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Why do we trust Google?

The issue is discussed in a First Monday paper by Lee Shaker, a PhD candidate at the Annenberg School for Communication at the University of Pennsylvania. The key point made by the paper is that mainstream reporting on Google, such as is done by the New York Times, is generally uncritical of the company, focusing on its phenomenal (financial) growth and popularity.

There have been arguments made that the blogosphere is a better source of information than traditional media. While this may be true to some extent, bloggers aren't reporters, at least in a conventional sense. They aren't obligated to be unbiased, or neutral, with regards to the subjects they cover. (Arguably, newspapers don't always live up to neutrality standards.) So to individuals who are looking for objective reporting, blogs may not be a viable source of information. Furthermore, there are far more blogs than there are newspapers. A single individual cannot possibly keep up with all of them, even those that cover Google. There are certainly plenty of blogs that are critical of Google, but chances are the public at large will read few if any of them. This means that until an issue warranting serious Google coverage comes up, such as the AOL data leak, Google will probably continue to be perceived in an extremely positive light.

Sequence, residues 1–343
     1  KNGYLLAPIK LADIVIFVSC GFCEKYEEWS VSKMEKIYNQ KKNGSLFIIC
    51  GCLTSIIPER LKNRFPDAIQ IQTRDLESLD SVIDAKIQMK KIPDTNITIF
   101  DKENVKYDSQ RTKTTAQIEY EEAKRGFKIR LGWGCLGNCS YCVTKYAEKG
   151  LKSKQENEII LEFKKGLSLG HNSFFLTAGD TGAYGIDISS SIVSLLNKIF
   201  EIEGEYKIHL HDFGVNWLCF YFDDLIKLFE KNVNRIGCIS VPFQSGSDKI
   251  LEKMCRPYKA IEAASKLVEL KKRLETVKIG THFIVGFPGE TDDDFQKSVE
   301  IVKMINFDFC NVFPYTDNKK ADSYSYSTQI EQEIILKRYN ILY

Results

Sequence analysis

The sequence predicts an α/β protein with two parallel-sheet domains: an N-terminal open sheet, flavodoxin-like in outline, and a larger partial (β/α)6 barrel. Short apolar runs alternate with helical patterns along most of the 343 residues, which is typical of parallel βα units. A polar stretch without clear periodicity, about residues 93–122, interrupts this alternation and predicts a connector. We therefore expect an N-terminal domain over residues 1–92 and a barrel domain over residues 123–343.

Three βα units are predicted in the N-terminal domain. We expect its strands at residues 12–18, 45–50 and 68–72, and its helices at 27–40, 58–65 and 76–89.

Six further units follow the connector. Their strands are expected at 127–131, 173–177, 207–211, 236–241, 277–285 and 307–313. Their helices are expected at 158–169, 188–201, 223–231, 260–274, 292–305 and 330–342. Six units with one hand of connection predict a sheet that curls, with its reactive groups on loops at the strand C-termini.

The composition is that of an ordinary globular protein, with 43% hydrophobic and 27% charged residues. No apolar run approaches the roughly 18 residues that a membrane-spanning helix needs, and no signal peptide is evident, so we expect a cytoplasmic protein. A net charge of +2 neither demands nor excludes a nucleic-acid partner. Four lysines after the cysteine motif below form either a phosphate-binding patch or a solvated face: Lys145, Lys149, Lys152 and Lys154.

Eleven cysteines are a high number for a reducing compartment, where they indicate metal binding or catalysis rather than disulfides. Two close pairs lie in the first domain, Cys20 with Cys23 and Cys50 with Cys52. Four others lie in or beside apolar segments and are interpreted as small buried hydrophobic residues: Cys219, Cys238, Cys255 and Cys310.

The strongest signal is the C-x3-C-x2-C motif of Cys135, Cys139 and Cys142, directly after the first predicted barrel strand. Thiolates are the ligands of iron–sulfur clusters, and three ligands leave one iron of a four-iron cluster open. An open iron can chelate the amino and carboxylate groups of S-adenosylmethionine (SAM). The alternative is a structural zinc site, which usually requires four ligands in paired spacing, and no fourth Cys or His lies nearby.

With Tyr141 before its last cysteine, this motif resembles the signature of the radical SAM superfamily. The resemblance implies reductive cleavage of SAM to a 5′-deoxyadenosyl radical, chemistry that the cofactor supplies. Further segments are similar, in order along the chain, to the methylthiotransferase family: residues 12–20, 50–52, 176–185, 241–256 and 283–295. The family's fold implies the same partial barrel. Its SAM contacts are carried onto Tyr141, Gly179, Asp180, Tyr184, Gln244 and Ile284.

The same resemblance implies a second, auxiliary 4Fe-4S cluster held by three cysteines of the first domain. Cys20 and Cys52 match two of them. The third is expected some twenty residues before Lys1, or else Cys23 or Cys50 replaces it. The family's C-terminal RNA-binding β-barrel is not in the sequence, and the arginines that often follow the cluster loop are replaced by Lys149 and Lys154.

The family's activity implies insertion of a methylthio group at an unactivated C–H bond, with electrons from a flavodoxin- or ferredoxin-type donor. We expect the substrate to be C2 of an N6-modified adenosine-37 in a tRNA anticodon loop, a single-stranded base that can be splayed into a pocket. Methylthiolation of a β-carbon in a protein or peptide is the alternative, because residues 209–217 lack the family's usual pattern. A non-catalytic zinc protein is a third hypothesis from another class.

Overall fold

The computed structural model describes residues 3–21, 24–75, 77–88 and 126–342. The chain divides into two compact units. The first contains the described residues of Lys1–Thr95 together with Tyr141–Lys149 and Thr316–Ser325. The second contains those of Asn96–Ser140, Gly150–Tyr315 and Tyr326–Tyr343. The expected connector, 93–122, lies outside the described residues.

( 1 comment — Leave a comment )
Aug. 28th, 2006 02:15 pm (UTC)
In response to the question posed in your subject line, my answer is "I don't know about the rest of you, but I don't trust Google." I didn't like their IPO, don't like the fact that they're so resistant to disclosure and outsider shareholder oversight and voting (i.e., the attitude of "give us your IPO money, then go away and let us spend it"), and don't like their interpretation of their supposed "Don't Be Evil" motto.

A lot of people have made and lost a lot of money buying and selling that stock, but I won't touch it.
( 1 comment — Leave a comment )

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